It is thought that in the first 1000 years AD, the Arab and Malay peoples were the first to visit the island, which was uninhabited until the 16th century. The first European to moor off the island and visit was the Portuguese Captain Pedro Mascarenhas and named the group of islands, Reunion, Rodrigues and Mauritius the “Mascareignes.” Then in 1598 a party of Dutchmen landed on the island and named it after their ruler at the time, Prince Maurice of Nassau. For forty years it became the port of call for the Dutch, English and French trading ships, until the Dutch took formal possession in 1638. Four years later the Dutch navigator, Tasman, set sail on his most important voyage that led to the discovery of Australia.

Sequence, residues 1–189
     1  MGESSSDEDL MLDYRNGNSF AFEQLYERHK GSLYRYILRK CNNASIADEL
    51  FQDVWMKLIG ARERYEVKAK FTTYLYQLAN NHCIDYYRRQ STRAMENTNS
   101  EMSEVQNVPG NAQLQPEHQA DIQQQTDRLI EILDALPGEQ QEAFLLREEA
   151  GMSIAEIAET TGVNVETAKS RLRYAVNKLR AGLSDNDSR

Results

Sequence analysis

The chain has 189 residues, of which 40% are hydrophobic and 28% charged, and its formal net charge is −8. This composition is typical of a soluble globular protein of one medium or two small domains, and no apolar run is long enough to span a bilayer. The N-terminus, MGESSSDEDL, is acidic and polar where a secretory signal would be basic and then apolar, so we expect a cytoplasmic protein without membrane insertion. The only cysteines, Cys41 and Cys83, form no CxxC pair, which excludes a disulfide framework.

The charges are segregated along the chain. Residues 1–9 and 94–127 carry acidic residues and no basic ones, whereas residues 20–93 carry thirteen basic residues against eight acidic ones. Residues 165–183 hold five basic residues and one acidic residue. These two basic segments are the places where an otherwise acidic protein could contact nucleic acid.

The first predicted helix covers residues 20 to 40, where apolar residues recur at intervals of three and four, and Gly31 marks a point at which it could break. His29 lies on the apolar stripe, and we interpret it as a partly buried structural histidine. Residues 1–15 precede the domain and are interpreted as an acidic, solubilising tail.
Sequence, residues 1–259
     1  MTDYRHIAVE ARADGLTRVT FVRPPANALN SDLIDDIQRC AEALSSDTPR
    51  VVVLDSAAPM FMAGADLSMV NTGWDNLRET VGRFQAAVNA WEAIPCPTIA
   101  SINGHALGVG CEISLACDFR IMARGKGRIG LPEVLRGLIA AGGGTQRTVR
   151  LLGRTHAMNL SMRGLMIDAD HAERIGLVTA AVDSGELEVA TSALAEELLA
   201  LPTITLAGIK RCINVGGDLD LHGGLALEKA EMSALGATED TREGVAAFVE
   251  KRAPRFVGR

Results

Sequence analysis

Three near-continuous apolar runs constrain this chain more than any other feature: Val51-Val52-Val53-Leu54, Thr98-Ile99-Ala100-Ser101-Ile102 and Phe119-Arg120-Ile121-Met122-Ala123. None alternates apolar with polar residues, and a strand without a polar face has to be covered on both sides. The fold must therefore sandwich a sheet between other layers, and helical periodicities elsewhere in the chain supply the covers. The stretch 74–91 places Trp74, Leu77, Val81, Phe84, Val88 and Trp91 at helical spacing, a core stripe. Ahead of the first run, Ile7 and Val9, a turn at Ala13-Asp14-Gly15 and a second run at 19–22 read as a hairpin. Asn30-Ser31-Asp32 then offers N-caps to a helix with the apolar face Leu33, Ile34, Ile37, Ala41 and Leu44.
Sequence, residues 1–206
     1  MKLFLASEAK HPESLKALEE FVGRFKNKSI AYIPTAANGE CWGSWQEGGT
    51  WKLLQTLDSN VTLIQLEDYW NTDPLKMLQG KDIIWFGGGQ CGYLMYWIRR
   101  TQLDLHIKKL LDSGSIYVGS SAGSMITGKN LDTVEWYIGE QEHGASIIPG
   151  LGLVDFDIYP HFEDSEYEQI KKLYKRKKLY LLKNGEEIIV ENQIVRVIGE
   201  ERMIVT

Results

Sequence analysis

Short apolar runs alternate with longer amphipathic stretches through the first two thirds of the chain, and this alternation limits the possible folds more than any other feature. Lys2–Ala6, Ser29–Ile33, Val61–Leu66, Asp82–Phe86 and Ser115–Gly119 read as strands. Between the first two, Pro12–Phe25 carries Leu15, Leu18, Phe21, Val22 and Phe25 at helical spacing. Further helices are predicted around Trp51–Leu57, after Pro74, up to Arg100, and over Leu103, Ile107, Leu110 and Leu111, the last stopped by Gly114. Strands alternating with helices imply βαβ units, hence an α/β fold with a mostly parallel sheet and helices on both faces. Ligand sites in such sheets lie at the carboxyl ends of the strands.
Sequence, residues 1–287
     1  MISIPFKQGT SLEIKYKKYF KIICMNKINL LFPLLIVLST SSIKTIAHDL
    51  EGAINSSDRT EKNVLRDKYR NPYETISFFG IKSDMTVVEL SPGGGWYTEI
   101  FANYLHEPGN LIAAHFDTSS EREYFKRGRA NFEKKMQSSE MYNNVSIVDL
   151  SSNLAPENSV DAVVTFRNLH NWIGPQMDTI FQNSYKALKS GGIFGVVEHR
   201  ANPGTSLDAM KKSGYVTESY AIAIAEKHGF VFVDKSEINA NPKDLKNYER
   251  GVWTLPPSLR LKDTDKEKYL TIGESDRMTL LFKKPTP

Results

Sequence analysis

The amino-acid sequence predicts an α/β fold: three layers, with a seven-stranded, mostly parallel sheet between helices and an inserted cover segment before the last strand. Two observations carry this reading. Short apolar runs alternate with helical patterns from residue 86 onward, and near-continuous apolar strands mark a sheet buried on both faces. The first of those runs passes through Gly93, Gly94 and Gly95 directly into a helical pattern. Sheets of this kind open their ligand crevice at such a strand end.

The Dutch introduced sugar cane to the island and the sambar deer from Java in the East Indies. They also hunted out and exterminated the dodo and other indigenous birds and animals unique to the island. Their settlement lasted until 1715 and was then claimed by the French who renamed it Ile de France. In the early years of administration by the French East India Company, several fortifications were built, (one of which can be seen at the entrance of Grand Port.) They also shipped in African slaves. In 1735 a great governor was appointed, Mahe de Labourdonnais, who, during 11 years of office transformed the colony. The planting of sugar cane was encouraged; the first sugar factory was opened in Pamplemousses in 1743 and cotton, indigo, cloves, nutmeg and spices were grown. He had the “marrons” (escaped African slaves) rounded up and captured as they had been terrorising the French settlers, creating peace on the plantations. In Port Louis he established a naval base that conducted forays that harassed the English merchant ships sailing on their way to India on the Spice Route, confiscating their precious cargos of spice. But, the rise of the French East India Company was short lived, - ruined by financial setbacks and a succession of wars, they were forced to hand the island over to the rule of France and under the rule of the French crown, it flourished as a naval station, figuring prominently in sea strategy during the War of American Independence, the War of the Austrian Succession and the Seven Years’ War. In the Napoleonic Wars it became “Le Nid de Corsairs” which was a base for privateers who preyed on the East English Indiamen.